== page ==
How to Overcome Procrastination Part 1

How to Overcome Procrastination Part 1

By Jamie Matthewman
July 21st, 2013


“You must watch time’s swiftness with your speed in using it, and you must drink quickly as though from a rapid stream that will not always flow…just as travelers are beguiled by conversation or reading or some profound meditation, and find they have arrived at their destination before they knew they were approaching it; so it is with this unceasing and extremely fast-moving journey of life, which waking or sleeping we make at the same pace – the preoccupied become aware of it only when it is over” ~ Seneca

In this two part article we explore 6 reasons why you procrastinate and how you can overcome procrastination so that you can live a more productive life and make better use of your precious time by getting more of what matters most accomplished.

If you want to create successful changes or results in any area of life, whether it’s getting healthier or building a business – it will require you identifying, prioritising and taking action on the most important tasks, whether you feel like it or not. That is how you overcome procrastination. One action at a time.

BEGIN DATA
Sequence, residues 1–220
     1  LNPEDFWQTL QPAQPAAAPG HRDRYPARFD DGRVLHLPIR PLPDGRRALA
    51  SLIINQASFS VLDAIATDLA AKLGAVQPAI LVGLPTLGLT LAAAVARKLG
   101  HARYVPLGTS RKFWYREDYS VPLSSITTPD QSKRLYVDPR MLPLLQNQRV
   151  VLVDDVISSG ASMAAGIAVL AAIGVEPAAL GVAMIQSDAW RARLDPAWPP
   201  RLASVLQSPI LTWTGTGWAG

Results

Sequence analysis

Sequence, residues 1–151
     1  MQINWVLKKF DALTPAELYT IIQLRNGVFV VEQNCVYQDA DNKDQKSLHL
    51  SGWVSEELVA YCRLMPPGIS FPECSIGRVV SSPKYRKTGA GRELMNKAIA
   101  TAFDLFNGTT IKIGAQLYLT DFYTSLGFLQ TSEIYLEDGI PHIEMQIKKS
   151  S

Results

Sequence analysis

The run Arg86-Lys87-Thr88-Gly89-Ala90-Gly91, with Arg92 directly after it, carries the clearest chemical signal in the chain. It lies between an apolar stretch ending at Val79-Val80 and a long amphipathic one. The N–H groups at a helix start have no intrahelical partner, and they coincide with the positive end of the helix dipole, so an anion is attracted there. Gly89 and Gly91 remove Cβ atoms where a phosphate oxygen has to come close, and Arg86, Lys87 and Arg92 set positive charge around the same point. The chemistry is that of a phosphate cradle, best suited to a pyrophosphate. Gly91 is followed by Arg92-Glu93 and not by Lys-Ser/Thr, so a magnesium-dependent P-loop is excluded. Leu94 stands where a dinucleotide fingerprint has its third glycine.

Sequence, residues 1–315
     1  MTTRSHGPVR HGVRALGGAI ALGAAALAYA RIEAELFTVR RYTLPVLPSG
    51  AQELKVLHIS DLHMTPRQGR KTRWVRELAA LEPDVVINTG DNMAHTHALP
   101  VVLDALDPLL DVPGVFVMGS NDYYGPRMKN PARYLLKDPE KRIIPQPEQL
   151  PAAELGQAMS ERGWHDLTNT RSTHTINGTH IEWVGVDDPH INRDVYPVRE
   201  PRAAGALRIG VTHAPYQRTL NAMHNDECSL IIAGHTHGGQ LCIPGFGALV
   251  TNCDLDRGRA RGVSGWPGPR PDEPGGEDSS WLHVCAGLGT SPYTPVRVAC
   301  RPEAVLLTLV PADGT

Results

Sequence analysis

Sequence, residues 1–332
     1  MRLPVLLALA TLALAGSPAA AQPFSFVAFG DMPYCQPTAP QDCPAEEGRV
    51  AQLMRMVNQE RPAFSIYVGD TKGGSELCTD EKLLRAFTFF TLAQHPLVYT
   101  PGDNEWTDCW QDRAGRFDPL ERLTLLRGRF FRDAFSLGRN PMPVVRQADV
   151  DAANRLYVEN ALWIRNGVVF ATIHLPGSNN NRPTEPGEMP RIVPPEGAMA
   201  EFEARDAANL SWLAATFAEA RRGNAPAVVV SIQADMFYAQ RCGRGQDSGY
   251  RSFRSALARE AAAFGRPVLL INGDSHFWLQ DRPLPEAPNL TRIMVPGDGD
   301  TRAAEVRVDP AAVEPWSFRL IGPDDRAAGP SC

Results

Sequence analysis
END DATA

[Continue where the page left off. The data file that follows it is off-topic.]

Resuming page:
Procrastination, just like it’s opposite action are habits, so whilst the solution might be straight forward, it might be that your experience of getting things done and creating change isn’t that easy. If so this article will help you understand what’s going on and how you can overcome procrastination without stressing.

What is Procrastination?

As I mentioned procrastination is a habit, the habit putting off important tasks until the last possible moment, or never actually getting around to them. This is obviously a major barrier for success. Never eating the frog, can be a major problem to your productivity, enjoyment of life and self- respect.

  1. You Don’t Really Want it

If you haven’t TRULY committed to what you’re trying to achieve, you might as well not bother![Tweet This]

For instance you might have a goal of running a marathon, yet on deeper inspection, the idea sounds good, but really you’re not prepared to put in the hard work. You don’t want it enough.

I remember I entered the London marathon twice, never once did I make it to the start line, let alone the finish! On one occasion, injury stopped me from training. The second time I let the weather, a perceived lack of time or my mood stop me training. It wasn’t a ‘hell yeah’ – a project nothing gets in the way of. Without this deep commitment, the miles of training simply didn’t happen. It would be another 4 years until I make the goal of running a marathon important enough to complete it.